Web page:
There were three demo tables. Sharon showed how to make individual buttons from Fimo. Special buttons are really hard to find and very pricey, so this was a great idea.

Paula showed how to do hand quilting. She marks her fabric with watercolour pencils, which give a clear line, but wash right out.

I showed how to layer quilts the no-crawl way (from an original idea by Sharon Schamber) which people found very clever. It's one of those ideas which are so obvious, you can't work out why you haven't thought it up yourself! I have layered double quilts like this, so it works for any size of quilt.

There was also plenty of chance to catch up with the latest gossip or quilting idea over a cup of tea.Christmas is coming, and in show and tell, both Carolyn and Paula showed Christmas items they have made.

It's never too early to get thinking about the Festive Season!

Ruth had made this little prem quilt for Linus, along with a larger one in the same fabric. Thanks Ruth.Andrea showed this stunning row quilt which had apparently been languishing in her UFO box for quite a while. It seems she went off the colours while she was making it! They look stunning to me, but then, I always like a bit of lime green in a quilt!

At the end of the show and tell, Sylivia presented Bunty and Andrea with a thankyou from all the group for their hard work with the group quilt. She had been delegated to buy two bunches of flowrs, but ever practical, had decided that flowers are very short-lived, while a plant can go on for ever (well, not in this house, but I'm sure these plants will have a long life!) She bought a jasmine plant for each, with the thoughts that it could give pleasure indoors during the winter, and then move outdoors in the summer months. What a great idea!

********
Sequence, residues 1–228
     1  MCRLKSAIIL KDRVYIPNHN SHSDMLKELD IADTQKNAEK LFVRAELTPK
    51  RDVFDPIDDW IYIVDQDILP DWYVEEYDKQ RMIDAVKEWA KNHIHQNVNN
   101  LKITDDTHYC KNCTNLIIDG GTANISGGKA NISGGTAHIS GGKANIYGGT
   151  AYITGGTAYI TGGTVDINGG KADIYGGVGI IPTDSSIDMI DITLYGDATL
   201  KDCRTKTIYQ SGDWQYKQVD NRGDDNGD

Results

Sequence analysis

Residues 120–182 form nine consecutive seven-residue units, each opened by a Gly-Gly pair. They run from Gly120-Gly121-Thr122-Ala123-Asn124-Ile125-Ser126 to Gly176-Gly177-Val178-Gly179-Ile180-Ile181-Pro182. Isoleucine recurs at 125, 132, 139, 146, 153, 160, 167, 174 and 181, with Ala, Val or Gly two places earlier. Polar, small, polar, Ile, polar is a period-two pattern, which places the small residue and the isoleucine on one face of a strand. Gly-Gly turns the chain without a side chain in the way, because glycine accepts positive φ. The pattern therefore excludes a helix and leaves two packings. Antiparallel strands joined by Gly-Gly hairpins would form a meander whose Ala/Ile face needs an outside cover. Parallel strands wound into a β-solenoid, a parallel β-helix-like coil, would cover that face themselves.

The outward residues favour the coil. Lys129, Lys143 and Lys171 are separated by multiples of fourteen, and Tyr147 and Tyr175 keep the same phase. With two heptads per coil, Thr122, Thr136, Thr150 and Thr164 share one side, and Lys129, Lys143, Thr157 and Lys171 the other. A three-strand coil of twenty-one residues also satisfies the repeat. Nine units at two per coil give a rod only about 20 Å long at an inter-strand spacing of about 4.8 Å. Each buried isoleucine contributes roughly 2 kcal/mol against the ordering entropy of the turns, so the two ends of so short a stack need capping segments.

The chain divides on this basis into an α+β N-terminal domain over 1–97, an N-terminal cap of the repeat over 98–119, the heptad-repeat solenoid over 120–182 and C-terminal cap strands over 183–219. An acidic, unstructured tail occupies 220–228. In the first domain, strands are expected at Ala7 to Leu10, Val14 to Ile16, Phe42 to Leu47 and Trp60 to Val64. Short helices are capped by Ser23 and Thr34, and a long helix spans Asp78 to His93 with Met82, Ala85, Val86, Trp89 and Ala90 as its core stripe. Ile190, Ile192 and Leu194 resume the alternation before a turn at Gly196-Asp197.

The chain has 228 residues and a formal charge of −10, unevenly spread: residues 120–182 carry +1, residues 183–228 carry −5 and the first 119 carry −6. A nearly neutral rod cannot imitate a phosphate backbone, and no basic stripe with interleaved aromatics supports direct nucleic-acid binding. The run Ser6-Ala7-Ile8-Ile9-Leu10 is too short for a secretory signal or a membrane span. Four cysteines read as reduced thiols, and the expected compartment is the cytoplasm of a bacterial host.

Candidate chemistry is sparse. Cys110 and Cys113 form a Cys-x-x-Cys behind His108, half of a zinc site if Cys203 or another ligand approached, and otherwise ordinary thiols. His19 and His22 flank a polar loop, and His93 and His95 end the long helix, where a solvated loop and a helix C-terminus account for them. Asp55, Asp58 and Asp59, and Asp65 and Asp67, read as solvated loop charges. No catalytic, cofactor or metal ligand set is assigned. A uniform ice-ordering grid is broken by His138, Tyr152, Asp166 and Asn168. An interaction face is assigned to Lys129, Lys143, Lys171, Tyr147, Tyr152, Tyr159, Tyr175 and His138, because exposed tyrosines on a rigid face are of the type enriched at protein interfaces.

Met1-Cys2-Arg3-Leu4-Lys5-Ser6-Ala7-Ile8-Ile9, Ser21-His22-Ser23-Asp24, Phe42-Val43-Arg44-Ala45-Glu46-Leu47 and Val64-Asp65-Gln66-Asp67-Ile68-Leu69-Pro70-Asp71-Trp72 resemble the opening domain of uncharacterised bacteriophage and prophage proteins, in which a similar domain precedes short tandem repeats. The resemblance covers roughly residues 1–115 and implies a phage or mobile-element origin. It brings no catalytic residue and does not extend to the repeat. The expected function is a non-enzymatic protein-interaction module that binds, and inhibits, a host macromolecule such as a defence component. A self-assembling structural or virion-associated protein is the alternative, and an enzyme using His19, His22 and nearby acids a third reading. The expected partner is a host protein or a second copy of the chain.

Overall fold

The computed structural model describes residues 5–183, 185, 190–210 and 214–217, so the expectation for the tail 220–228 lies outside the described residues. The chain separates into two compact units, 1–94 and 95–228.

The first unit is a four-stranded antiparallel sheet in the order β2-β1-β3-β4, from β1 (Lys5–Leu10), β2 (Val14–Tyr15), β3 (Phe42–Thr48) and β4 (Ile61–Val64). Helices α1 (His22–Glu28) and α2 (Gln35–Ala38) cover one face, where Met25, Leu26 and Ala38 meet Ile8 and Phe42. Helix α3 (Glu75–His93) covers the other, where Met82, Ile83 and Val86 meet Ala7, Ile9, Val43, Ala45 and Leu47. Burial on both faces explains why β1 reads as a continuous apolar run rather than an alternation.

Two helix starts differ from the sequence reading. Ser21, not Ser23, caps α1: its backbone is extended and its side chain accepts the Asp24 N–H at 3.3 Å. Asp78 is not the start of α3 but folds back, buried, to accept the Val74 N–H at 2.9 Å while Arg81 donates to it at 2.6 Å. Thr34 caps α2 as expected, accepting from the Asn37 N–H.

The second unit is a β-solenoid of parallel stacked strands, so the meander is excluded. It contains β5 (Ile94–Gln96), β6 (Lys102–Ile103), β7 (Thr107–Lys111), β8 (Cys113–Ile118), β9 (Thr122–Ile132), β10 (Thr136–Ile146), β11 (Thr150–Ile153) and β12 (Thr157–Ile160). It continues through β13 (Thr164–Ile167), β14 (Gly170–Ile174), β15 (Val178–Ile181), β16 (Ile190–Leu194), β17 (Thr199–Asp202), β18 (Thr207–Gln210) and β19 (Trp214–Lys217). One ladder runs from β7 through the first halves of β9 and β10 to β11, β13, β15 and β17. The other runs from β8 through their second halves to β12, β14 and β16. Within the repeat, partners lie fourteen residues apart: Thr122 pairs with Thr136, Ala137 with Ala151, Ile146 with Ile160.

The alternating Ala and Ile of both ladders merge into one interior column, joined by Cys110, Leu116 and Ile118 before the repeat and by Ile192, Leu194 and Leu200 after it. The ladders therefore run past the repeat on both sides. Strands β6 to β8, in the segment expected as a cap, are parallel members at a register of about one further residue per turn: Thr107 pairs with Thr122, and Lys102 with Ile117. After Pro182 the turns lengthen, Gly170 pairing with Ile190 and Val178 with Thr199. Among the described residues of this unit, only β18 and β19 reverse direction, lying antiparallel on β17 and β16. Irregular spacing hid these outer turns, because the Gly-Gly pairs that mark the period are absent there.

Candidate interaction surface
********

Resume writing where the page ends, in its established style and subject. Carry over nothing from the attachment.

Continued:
Thursday, 18 September 2008

Charles Rennie Mackintosh evening

I had been looking forward to hearing this talk by Dora Mack for months, and it all went a bit pear-shaped (for me; I think everyone else had a good time). I arrived at the hall, having realised I was making the teas with only enough time to call at the corner shop for milk and biscuits, to find that I had left the tea box in my garage! Poor Beverley had kindly given me a lift, and so had to take me home to fetch the essentials of the meeting! This meant that we were late back to the hall and Dora was in full flow when we crept in and took our seats.
That was when I realised that I had also forgotten to bring my camera, which means no photos in this post. What a shame. Dorahad brought some lovely books, pamphlets and images to illustrate her fascinating talk, and I was not only unable to photograph them, but also to look at them, as I was busy making teas and coffees! Here is a Google image of the famous Rennie Mackintosh rose as a consolation.

I was lucky that Stephanie took pity on me in the kitchen, and kept the kettles boiling. It would have been a disaster to have had no refreshments!
Then, when all was under control, and caffine had been dispensed, Di dropped her bombshell. She has decided for personal reasons to step down from the chair with immediate effect. We were all so disappointed that nobody stood up to give a vote of thanks or anything. It was perhaps as well, as everyone was feeling a bit emotional, and it could have ended in tears. I would like to say a big thankyou to Di for her work over the last three years as chair, for all her hard work, unfailing good humour and encouragement to us all. All we need now, is for someone to step forward to fill this empty position on our comittee.
As ever, show and tell was inspirational, with a good number of Linus quilts happily scooped up by me. I promise to take my camera to the next meeting, so watch out!

Monday, 18 August 2008

Highly commended!

Yesterday I went to the Festival of Quilts at the National Exhibition Centre in Birmingham, which is where our quilt 'A Forest of Seasons' was exhibited. I know it must be very difficult to hang so many different quilts and make them all look wonderful, but we were disappointed last year that our 'Cosmic Wonders' quilt didn't seem to be looking its best. So this year I was delighted to see that the quilt was hung prominently on a corner under a spotlight. It looked great!

Then, to my amazement, I noticed a little label on the side, saying 'Highly Commended'! Apparently (according to Mary Mayne, who is one of the judges) they only award a first, second and third in each category, and reserve the highly commended awards for when it has been really close! It was enough to see our quilt at such a huge exhibition, displayed so well, but the icing on the cake was the award.